Scandinavian Film Festival Review: Easy Money: Life Deluxe (Snabba cash III) (Sweden, 2013)

  • Amy Nancarrow
  • July 8, 2014
  • Comments Off on Scandinavian Film Festival Review: Easy Money: Life Deluxe (Snabba cash III) (Sweden, 2013)

Snabba Cash III Tre Vänner Produktions AB

Here it is: the final installment in the Easy Money franchise: Life Deluxe. Old favourites are back, old scores need to be settled, and new players find themselves drawn into Sweden’s dark criminal underbelly.

JW (Joel Kinnaman) is on the run after his successful robbery at the conclusion of Hard to Kill, and has made it to Los Angeles to search for his missing sister Camilla (Maja Christenson). Jorge (Matias Varela) has served time in prison and now has a solid job, but is too busy not learning from his mistakes, and is planning a huge heist to earn him enough money to leave Sweden. His one-time partner-in-crime Nadja (Madeleine Martin) has been given a new job and a new identity, but still carries a torch for Jorge. Meanwhile, crime boss Radovan (Dejan Cukic) deals with a new threat, and his daughter Natalie (Malin Buska) is dragged into his conflict, whilst undercover agent Martin (Martin Wallström) finds himself rising in Radovan’s ranks.

Life Deluxe, whilst centering on the people we’ve spent three and a half hours with, is quite a different film to its predecessors. It’s more polished, losing some of the gritty realism that made the first film so compelling. JW isn’t featured much (Kinnaman would have approximately 10 minutes of screen time, if that); instead most of the action centres on Jorge and Radovan. What the film does succeed in, however, is the idea that these people aren’t all bad. They’ve made some bad choices; some more than others (I’m looking at you, Radovan) but they’re very much multi-layered characters. This level of quality, three films in, is incredibly rare, and perhaps that’s the greatest success of the Easy Money trilogy – it does what vary little franchises can do. The direction, under third director Jens Jonsson, is well done; Jorge’s bank robbery scene is the highlight of the film, as Jonsson uses one long tracking shot to cover the entire robbery, never wavering from Jorge, even if the action takes place elsewhere. The trilogy is neatly tied up, with the fates of our main characters revealed, although at two hours running time, Life Deluxe drags in certain parts.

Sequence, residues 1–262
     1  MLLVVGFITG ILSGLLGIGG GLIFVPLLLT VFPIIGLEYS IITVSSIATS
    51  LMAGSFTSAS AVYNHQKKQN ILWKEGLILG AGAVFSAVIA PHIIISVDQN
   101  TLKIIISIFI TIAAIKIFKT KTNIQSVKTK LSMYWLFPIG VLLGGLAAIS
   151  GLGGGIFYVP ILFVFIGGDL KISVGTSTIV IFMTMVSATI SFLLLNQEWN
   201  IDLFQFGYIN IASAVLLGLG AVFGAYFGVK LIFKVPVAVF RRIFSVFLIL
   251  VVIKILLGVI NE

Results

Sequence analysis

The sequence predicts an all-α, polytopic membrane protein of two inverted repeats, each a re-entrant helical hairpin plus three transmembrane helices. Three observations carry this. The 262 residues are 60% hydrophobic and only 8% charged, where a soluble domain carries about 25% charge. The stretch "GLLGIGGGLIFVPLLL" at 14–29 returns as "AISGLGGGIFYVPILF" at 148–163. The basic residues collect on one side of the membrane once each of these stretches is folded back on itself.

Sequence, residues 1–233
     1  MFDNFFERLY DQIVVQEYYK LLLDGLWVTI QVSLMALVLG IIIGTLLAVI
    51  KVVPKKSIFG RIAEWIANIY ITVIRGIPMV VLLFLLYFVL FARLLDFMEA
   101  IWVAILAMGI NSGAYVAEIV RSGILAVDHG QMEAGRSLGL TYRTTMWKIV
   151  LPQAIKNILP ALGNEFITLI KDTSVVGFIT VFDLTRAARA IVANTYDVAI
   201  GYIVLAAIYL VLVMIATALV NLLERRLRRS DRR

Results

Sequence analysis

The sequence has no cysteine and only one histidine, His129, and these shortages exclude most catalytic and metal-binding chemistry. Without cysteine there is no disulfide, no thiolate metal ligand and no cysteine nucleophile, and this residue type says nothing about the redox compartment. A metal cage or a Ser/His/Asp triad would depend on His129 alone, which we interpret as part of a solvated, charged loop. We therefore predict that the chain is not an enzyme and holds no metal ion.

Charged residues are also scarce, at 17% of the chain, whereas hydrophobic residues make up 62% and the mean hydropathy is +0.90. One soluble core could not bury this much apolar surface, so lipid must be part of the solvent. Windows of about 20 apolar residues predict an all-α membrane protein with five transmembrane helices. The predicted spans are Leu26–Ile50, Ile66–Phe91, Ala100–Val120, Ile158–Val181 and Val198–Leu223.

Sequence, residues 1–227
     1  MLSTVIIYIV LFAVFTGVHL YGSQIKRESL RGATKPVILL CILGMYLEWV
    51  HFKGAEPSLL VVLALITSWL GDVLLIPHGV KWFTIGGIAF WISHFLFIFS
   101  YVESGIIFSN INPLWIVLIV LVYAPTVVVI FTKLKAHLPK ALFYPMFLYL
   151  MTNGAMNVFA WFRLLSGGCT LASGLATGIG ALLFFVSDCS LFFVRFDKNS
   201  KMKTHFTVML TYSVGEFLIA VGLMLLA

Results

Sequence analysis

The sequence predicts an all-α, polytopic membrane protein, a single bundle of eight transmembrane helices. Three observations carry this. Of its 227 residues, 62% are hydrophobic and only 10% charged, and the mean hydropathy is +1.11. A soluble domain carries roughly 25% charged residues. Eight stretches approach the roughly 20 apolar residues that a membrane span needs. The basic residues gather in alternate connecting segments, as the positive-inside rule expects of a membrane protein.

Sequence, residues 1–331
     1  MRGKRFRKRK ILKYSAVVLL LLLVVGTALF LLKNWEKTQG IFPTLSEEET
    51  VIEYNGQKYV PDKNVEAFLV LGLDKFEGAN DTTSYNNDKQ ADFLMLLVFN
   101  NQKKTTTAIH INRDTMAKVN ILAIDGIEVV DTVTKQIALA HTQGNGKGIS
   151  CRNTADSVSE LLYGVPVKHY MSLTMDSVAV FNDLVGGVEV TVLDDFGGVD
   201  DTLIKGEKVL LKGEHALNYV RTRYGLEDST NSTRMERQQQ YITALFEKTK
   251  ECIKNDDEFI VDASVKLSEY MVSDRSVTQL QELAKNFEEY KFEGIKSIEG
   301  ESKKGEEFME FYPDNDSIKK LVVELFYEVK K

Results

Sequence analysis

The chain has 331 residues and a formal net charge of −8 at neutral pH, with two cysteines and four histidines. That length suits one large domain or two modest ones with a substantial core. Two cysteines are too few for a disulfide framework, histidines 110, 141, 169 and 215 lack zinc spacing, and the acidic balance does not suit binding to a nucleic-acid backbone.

The main theme with this film is the concept of building a better life: Jorge wants to complete his heist to escape Sweden and leave his depressing criminal life; JW wants to finally solve his sister’s disappearance and have the peace that both of them deserve; Radovan wants to build a better life for his daughter by getting her out of his business and moving back to Serbia. This need, this single-minded pursuit, it ends up blinding our main characters to the people that betray them, and yet again the criminal world threatens to swallow them whole. It’s a testament to the series’ quality that this reinforced message doesn’t get old; the idea that darkness seeps in and overtakes like poison, and changes you for the worse, no matter how hard you fight it.

It’s great that we’re getting access to brilliant films like the Easy Money series; if it weren’t for the Scandinavian film festival, I’d have never come across this gritty, compelling series of films. It’s been an entertaining, nail-biting, adrenalin-pumping five and a half hours, but the Easy Money series has opened my eyes to a whole new world of cinema, and for that I’ll be eternally grateful.


Easy Money: Life Deluxe will screen alongside Easy Money and Easy Money: Hard to Kill as part of the Scandinavian Film Festival, touring Australia in July. For more details head HERE.


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